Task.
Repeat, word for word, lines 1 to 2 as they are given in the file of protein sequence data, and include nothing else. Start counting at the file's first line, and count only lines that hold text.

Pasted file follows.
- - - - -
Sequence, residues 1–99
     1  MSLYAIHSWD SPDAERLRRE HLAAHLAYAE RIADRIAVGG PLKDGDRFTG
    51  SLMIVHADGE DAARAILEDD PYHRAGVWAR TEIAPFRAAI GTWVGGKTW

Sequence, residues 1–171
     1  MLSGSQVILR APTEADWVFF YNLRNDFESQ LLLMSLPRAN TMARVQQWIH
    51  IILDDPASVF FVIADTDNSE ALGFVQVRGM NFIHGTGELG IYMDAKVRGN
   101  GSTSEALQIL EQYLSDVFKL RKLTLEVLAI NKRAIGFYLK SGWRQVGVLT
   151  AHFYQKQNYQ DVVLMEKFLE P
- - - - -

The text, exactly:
Sequence, residues 1–99
     1  MSLYAIHSWD SPDAERLRRE HLAAHLAYAE RIADRIAVGG PLKDGDRFTG